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A2B Telecommunications Pty Ltd v Hinkley

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Supreme Court of Victoria


A2B Telecommunications Pty Ltd v Hinkley & Anor [1999] VSC 76 (24 March 1999)

Last Updated: 15 April 1999 

	Do not Send for Reporting 

Not Restricted 
No. 7673 of 1998 
ACN 057 359 958 


	Warren J 


	24 February 1999 

	24 March 1999 

	A2B Telecommunications Pty Ltd v. Hinkley & Anor 

	[1999] VSC 76 
Rule 32.05 - Specific discovery - Breach of copyright 

For the Plaintiff 
	Mr M. Colbran, QC with 
Mr J. Carney 
	White S.W. 
Computer Law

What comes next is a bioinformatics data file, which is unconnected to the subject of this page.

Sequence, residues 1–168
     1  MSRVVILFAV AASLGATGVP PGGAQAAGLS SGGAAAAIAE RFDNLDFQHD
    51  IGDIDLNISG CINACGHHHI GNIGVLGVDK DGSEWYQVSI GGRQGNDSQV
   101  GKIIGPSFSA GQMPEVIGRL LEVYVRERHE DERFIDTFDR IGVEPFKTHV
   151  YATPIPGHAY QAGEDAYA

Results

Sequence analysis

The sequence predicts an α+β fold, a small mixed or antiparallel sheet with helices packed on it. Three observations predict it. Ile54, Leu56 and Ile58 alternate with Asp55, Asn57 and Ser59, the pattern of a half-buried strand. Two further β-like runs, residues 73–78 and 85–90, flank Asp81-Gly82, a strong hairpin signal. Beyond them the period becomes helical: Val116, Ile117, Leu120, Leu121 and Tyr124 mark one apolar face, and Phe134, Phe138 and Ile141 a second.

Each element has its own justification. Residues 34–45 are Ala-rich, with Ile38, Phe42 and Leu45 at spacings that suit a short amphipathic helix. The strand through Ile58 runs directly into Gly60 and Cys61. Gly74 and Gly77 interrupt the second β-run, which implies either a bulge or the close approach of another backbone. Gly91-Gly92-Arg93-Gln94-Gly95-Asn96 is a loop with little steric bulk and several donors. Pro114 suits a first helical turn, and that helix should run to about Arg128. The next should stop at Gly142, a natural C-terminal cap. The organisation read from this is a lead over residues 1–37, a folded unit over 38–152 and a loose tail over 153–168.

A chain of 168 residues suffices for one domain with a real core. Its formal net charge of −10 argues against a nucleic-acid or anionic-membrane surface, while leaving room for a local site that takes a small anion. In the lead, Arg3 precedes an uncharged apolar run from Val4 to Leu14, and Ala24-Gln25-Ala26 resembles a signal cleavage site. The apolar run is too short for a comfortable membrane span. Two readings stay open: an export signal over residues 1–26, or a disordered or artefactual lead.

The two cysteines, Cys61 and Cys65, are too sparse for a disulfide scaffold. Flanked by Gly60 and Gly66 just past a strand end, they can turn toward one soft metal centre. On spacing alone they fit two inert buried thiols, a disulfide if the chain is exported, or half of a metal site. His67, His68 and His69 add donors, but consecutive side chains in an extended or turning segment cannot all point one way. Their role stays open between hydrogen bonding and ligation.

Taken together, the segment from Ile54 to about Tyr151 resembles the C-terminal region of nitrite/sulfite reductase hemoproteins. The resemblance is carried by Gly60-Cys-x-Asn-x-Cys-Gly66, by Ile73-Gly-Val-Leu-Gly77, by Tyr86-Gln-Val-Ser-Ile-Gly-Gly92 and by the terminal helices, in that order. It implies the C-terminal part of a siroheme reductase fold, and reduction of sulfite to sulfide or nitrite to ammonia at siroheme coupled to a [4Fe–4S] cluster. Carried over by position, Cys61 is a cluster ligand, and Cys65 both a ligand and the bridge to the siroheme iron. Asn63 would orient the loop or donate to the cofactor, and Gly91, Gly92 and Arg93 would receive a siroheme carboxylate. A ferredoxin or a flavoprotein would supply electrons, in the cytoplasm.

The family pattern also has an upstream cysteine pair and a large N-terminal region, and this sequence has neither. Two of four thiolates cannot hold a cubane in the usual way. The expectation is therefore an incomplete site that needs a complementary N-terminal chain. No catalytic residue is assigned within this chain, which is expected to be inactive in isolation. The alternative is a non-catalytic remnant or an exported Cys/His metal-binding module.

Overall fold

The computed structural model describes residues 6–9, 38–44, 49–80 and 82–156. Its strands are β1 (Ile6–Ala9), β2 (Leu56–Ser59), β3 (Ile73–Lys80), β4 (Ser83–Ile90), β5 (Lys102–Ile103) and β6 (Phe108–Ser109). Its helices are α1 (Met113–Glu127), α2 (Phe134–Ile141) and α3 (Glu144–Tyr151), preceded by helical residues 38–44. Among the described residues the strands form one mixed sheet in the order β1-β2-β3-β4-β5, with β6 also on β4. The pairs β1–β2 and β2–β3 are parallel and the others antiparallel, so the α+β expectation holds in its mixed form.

For the Defendant 
	Mr A.K. Panna 

For the Second Defendant 
	Mr W. Alstergren 

1.	In this matter the plaintiff seeks an order pursuant to Rule 32.05 that the defendants make discovery of specific documents. The documents sought and the surrounding circumstances have some relevance to the matters considered by me in proceeding No.Ê7673 of 1998 between Hotline Communications Ltd & Ors and Adam Hinkley & Ors, ("the other proceeding"). The relevant facts of the other proceeding are described in my judgment delivered in that proceeding on 24 March 1999.